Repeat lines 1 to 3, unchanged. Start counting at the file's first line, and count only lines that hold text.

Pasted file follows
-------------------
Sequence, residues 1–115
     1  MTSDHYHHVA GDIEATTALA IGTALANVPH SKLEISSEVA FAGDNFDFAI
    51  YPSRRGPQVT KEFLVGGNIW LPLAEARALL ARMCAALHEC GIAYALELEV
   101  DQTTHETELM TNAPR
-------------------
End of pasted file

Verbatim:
Sequence, residues 1–115
     1  MTSDHYHHVA GDIEATTALA IGTALANVPH SKLEISSEVA FAGDNFDFAI
    51  YPSRRGPQVT KEFLVGGNIW LPLAEARALL ARMCAALHEC GIAYALELEV